U.N. Calls On Syria To Allow Access To Humanitarian Aid
ARUN RATH, HOST:
The U.N. Security Council today voted for greater access to humanitarian aid for millions of war-ravaged Syrians. The resolution was more than a year in the making. In a first, Russia and China backed the resolution. But as NPR's Eric Westervelt reports, now the hard work of turning a vote into action on the ground begins.
ERIC WESTERVELT, BYLINE: The resolution calls for rapid, safe and unhindered aid access for U.N. agencies throughout Syria. The U.N. estimates that some nine million Syrians are in need. Hundreds of thousands of civilians are cut off in cities including parts of Homs and Aleppo. Assad's military has used crude, indiscriminate barrel bombs, oil drums packed with explosives and shrapnel as well as heavy artillery to pound opposition strongholds and regularly block delivery of food, medicine and other badly needed aid.
The resolution today calls for an end to the deliberate targeting of civilians. Samantha Power, the U.S. ambassador to the U.N. says the resolution sends a strong message to the Assad regime.
SAMANTHA POWER: After the barrel bombs, the arbitrary detentions, the systematic use of torture and the use of starvation as a weapon of war, today, this council has unanimously articulated a set of demands to alleviate the worst humanitarian crisis of this generation.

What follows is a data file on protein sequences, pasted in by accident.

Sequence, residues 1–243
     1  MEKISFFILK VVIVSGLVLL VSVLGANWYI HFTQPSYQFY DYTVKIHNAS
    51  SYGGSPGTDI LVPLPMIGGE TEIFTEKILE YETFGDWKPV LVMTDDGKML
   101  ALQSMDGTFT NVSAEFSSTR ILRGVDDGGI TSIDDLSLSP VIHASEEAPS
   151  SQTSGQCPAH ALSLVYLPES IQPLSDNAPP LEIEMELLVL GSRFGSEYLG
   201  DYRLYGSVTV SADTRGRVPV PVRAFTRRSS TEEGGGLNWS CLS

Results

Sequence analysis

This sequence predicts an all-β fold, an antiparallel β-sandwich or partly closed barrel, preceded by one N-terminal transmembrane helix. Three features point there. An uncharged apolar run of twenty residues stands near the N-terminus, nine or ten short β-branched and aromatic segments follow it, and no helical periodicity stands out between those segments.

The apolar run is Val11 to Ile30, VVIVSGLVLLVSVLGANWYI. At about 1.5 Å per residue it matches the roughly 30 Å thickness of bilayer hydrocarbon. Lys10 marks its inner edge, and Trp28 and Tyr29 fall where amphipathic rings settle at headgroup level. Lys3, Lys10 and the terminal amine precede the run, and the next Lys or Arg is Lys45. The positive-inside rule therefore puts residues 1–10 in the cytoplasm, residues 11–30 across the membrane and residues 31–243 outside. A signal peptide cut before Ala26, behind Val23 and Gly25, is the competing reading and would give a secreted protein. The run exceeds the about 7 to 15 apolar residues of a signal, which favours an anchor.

WESTERVELT: Opposition groups, including jihadists, have also indiscriminately attacked civilians and blocked aid delivery. And today's resolution condemns rights abuses by both the Syrian regime and opposition armed groups. That language helped get support from China and Russia, which previously had shielded the Syrian government in all Security Council votes. After the council action, U.N. Secretary General Ban Ki-moon lamented that the resolution was even necessary.
BAN KI-MOON: Humanitarian assistance is not something to be negotiated. It is something to be allowed by virtue of international law.
WESTERVELT: The resolution calls for unspecified further steps in case of noncompliance. But it's not clear that threat has teeth. Russia and China are likely to block any further steps if the fighters on the ground continue to ignore the U.N. as they largely have for three years. Eric Westervelt, NPR News.
NPR transcripts are created on a rush deadline by a contractor for NPR, and accuracy and availability may vary. This text may not be in its final form and may be updated or revised in the future. Please be aware that the authoritative record of NPR's programming is the audio.